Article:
When Congress immunized telecoms last August for their illegal participation in Bush's warrantless eavesdropping program, Senate Democratic apologists for telecom immunity repeatedly justified that action by pointing out that Bush officials who broke the law were not immunized -- only the telecoms. Here, for instance, is how Sen. Jay Rockefeller justified telecom immunity in a Washington Post Op-Ed:
    Second, lawsuits against the government can go forward. There is little doubt that the government was operating in, at best, a legal gray area. If administration officials abused their power or improperly violated the privacy of innocent people, they must be held accountable. That is exactly why we rejected the White House's year-long push for blanket immunity covering government officials.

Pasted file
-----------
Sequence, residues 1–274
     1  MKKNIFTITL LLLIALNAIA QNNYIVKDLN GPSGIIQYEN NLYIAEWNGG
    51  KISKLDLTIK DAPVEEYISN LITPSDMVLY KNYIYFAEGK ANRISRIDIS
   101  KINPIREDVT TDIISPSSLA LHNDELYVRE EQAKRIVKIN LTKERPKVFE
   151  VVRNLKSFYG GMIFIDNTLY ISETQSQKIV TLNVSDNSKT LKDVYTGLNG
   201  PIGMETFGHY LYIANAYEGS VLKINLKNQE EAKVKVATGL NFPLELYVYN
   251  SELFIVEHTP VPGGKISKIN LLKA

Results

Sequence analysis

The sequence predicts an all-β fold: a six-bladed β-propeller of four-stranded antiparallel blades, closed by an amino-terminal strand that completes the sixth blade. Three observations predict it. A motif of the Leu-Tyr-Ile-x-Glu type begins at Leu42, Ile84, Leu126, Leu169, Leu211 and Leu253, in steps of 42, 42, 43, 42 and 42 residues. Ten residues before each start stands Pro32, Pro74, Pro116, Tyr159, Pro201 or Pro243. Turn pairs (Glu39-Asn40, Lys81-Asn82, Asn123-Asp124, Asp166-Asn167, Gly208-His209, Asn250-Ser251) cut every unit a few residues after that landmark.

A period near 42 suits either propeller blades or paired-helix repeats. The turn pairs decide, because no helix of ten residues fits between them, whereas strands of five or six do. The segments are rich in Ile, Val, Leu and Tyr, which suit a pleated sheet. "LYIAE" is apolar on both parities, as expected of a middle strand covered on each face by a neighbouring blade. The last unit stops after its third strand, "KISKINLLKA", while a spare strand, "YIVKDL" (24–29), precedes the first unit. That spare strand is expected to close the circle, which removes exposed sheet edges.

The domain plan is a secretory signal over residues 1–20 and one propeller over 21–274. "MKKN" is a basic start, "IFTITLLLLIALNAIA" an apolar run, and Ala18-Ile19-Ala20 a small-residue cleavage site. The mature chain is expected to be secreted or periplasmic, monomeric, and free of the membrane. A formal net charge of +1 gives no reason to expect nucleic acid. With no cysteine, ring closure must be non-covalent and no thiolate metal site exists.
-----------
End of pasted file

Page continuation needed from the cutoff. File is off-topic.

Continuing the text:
Taking them at their word, EFF -- which was the lead counsel in the lawsuits against the telecoms -- thereafter filed suit, in October, 2008, against the Bush administration and various Bush officials for illegally spying on the communications of Americans. They were seeking to make good on the promise made by Congressional Democrats: namely, that even though lawsuits against telecoms for illegal spying will not be allowed any longer, government officials who broke the law can still be held accountable.

    But late Friday afternoon, the Obama DOJ filed the government's first response to EFF's lawsuit (.pdf), the first of its kind to seek damages against government officials under FISA, the Wiretap Act and other statutes, arising out of Bush's NSA program. But the Obama DOJ demanded dismissal of the entire lawsuit based on (1) its Bush-mimicking claim that the "state secrets" privilege bars any lawsuits against the Bush administration for illegal spying, and (2) a brand new "sovereign immunity" claim of breathtaking scope -- never before advanced even by the Bush administration -- that the Patriot Act bars any lawsuits of any kind for illegal government surveillance unless there is "willful disclosure" of the illegally intercepted communications.